Officers learn how to better protect their four-legged partners

Sunday, Oct. 13, 2013 6:45 PM
Last updated Monday, Oct. 14, 2013 12:49 AM
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Officers who use police dogs to help protect the public now have a better idea on how to better protect their four-legged partners.

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Veterinary technician Tonya Wall holds onto Polly, a former Marine bomb-sniffing dog, as Patrick Cullinan wraps her leg. Joseph Greene (background, left) watches with Chad Stewart during the training session.  SARA CALDWELL/STAFF
SARA CALDWELL/STAFF
Veterinary technician Tonya Wall holds onto Polly, a former Marine bomb-sniffing dog, as Patrick Cullinan wraps her leg. Joseph Greene (background, left) watches with Chad Stewart during the training session.

A first-aid course held Wednesday, led by Dr. Monica Parker of Walton Way Veterinary Clinic, covered animal health topics from CPR to gunshot wounds to snake bites.

“The animal is our partner,” said Sgt. John Gray, a K-9 unit supervisor. “We want to be able to react with them the same way we would with a human being.”

The main goal, Parker said, is for the trainers to know what to do in an emergency before seeing a veterinarian.

The sheriff’s office recently received 10 first aid trauma kits, 10 cooling vests and two ballistics vests from Project Paws Alive, a nonprofit organization that raises funds for lifesaving equipment for K-9 units nationwide.

One of the conditions of the first aid kit donation was that the officers train with the items to ensure they will be used effectively.

The sheriff’s office had limited kits for handlers, but “nothing like we have now,” Gray said.

Gray said there have been minor incidents, such as cuts or ingesting drugs, but no K-9 has been seriously injured on the job.

He hopes the training will better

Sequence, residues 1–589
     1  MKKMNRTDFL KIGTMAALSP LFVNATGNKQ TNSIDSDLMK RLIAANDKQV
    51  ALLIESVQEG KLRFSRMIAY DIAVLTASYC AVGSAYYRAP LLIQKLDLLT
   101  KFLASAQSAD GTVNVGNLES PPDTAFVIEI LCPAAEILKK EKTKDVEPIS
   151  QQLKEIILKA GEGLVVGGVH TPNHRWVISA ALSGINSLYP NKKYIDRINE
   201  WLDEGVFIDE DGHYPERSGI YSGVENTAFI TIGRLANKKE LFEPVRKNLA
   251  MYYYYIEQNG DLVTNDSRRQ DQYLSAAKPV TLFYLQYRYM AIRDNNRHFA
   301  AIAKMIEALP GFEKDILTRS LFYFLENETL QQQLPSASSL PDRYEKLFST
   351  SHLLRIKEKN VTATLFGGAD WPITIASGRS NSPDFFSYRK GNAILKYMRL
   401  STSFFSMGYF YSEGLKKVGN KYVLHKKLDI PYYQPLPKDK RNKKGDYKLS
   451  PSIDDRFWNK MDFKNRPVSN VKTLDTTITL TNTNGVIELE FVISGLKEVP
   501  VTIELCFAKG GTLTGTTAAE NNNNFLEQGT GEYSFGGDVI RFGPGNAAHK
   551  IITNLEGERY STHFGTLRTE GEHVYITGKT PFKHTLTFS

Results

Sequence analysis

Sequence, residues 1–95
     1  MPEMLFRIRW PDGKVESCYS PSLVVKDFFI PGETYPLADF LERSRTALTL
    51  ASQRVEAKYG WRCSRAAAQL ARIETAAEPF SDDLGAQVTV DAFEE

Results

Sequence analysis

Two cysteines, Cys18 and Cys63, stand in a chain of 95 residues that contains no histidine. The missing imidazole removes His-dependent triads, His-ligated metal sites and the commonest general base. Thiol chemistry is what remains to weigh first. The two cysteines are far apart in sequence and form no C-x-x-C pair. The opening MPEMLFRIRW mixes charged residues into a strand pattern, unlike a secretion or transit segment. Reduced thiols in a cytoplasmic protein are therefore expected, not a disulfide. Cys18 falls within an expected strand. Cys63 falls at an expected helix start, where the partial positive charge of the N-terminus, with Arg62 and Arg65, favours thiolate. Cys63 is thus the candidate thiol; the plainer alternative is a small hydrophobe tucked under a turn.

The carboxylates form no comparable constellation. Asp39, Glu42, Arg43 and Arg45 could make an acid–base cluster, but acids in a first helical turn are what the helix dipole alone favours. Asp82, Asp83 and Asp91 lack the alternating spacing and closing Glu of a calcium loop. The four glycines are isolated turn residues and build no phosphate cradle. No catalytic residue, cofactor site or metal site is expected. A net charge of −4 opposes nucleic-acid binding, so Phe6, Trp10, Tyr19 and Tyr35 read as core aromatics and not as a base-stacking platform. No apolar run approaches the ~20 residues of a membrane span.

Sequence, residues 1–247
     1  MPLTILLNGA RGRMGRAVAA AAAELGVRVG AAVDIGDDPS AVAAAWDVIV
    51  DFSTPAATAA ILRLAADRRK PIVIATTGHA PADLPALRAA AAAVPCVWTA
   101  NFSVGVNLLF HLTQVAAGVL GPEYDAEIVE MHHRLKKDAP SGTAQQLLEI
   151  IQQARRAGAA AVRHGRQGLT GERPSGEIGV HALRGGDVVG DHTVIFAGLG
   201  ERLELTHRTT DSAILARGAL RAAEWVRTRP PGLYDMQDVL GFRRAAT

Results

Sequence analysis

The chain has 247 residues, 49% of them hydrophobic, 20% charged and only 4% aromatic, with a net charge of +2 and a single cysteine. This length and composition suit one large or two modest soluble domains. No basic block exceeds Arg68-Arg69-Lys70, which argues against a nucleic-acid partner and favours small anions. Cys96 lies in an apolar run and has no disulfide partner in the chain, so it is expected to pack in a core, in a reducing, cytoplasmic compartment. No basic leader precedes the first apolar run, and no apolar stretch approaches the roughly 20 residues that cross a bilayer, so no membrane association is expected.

prepare them if such a situation occurs.

The kits include bandages and dressings, saline wrap, Vetbond glue, thermometers and hydrogen peroxide.

The eight Richmond Coun­ty handlers were joined by handlers from SRS, Warrenton and Grovetown police departments. The training was a refresher course for most attendees.

“I just want them to be able to recall what to do in an emergency without panicking,” Parker said.

Some animal health topics, such as heat-related illnesses, took up more time than others.

“In Augusta, you’re going to have high heat and high humidity almost every month of the year,” Parker said.

Those who attended Wednes­day’s session said the course made them feel more confident with the dogs. Little things, such as knowing how to induce vomiting or take a heartbeat, can make a life-saving difference, they said.

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Sweet son
15072
Points
Sweet son 10/09/13 - 08:52 pm
3
0
Good stuff!!!

Dogs are a man's best friend and in this instance they are the police officer's best friend!

seenitB4
132256
Points
seenitB4 10/10/13 - 07:43 am
2
0
Good deal

I hope they spend some time on preventing deaths in hot cars ....not only the public but police dogs die this way too.

Marinerman1
9101
Points
Marinerman1 10/10/13 - 12:45 pm
2
0
Awesome !! Can be a TRUE

Awesome !! Can be a TRUE BFF.

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